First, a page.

Strong communication and interpersonal skills with experience of working independently and as part of a team (a,c,d)
Essential Criteria 8
Able to evidence strong time management and organisational skills (a,c)
Essential Criteria 9
Excellent standard of spoken and written English with the ability to communicate clearly and concisely (a,c,d)
Desirable Criteria 1
Relevant experience in non-thermal plasma (a,c,d)
Desirable Criteria 2
Relevant experience in microfabrication/catalysis (a,c,d)
Desirable Criteria 3
Relevant experience in (co)supervising of PhD and undergraduate students (a,c,d)
For further information about the University of Warwick, please read our University Further Particulars.
For further information about the department, please visit the departmental website.
The project will introduce a ground-breaking approach to use renewable energy for N2 fixation. We will use non-thermal plasma, which has large potential to convert these low reactive molecules under near ambient temperature and pressure, particularly for distributed processes based on renewable energy.
By inducing excited states in solid catalysts to work in synergy with the excited short-lived plasma species, the project will introduce a brand new idea for catalyst-plasma symbiosis. In addition, we introduce a fully new concept of micro-plasma array through a novel electrode design, to generate the plasma at the catalyst surface, thereby overcoming long distance transport.
Our previous studies have shown that non-thermal plasma can be applied to N fixation. An efficient reactor design is essential to improve key performance parameters of the process, which are, first of all, energy efficiency and yield. Yet, literature studies with the existing types of plasma reactors (gliding arc, DBD), including our own ones, show that those reactors have intrinsic shortcomings, which probably set a severe limit for further optimisation. Thus, a new reactor concept is needed, which actually enables a new process, as we suppose that transport processes and selectivity in creating active species as well as their concentration make major points. Thus, our SCOPE project (ERC Synergy Grant, EU) proposes a new kind of microplasma, with much reduced electrode-to-electrode dimensions, microstructured reaction environment, and temperature modulations at the catalyst. This shall enable specific catalysts able to work in symbiosis with the radicals and photo- or vibrationally excited species generated by plasma are necessary. The candidate will have to develop a technically sound reactor design for symbiotic plasma-catalysis N-fixation.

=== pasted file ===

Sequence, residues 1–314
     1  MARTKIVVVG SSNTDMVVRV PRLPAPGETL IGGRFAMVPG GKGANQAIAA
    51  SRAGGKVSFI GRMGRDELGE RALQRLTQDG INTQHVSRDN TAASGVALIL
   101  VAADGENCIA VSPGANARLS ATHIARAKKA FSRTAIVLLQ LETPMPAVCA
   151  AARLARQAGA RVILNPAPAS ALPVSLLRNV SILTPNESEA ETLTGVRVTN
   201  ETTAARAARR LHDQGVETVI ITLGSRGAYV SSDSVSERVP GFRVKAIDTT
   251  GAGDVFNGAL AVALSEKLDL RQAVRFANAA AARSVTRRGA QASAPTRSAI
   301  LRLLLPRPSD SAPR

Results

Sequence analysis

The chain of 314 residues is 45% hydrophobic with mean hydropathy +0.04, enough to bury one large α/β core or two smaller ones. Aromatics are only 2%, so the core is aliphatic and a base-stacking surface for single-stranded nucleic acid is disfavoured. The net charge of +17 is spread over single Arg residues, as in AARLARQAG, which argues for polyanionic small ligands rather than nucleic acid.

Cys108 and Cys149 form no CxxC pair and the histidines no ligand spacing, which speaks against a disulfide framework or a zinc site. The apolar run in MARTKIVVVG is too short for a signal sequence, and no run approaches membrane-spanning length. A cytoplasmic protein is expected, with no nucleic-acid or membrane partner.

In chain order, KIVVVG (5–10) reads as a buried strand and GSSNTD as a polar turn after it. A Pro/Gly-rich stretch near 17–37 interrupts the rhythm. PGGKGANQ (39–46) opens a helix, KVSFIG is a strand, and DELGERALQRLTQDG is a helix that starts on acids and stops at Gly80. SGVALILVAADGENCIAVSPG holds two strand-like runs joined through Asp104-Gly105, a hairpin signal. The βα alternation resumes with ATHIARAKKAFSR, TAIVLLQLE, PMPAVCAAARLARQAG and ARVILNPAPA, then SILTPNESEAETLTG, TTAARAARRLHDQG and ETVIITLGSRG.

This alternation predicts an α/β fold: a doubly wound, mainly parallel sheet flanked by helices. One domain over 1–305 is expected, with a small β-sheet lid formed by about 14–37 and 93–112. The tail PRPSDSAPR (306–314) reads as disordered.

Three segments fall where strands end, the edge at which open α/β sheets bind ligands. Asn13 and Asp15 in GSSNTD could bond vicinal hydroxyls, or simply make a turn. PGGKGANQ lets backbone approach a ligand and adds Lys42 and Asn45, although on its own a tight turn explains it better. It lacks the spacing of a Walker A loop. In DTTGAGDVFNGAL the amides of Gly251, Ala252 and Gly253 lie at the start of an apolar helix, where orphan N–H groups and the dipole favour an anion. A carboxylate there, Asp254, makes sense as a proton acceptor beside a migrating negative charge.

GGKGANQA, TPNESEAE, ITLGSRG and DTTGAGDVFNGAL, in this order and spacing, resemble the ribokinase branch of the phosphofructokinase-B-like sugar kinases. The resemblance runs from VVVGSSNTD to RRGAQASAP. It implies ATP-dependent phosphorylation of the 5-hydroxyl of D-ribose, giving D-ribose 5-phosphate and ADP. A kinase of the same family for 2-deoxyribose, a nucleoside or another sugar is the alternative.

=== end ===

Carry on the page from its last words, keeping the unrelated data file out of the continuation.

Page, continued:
Right to work in the UK
If you do not yet have the right to work in the UK and/ or are seeking sponsorship under Tier 2 of the UK points-based immigration system
please click on this link which contains further information about obtaining right to work in the UK and details about eligibility for sponsorship under Tier 2.
The University of Warwick provides an inclusive working and learning environment, recognising and respecting every individual’s differences. We welcome applications from individuals who identify with any of the protected characteristics defined by the Equality Act 2010.
Recruitment of Ex-Offenders Policy
As an organisation using the (DBS) Disclosure and Barring Service to assess applicants’ suitability for positions of trust, the University of Warwick complies with the DBS Code of Practice and undertakes not to discriminate unfairly against any subject of a Disclosure on the basis of a conviction or other information revealed. More information is available on the University’s Vacancy pages and applicants may request a copy of the DBS Code of Practice.
8 Aug 2019
PhD in Plasma Nitrogen Fixation
The University of Adelaide is in cooperation with The University of Warwick (main affiliation, UK) to conduct research in the field of Plasma Nitrogen Fixation. There’s currently 14 open PhD positions (Prof. Hessel will supervise 7 and co-supervise 7). This is an exceptional opportunity for excellent students to pursue their PhD degree at The University of Warwick (UK) and The University of Adelaide (Australia).
Prof. Volker Hessel: firstname.lastname@example.org
Dr Nam Tran: email@example.com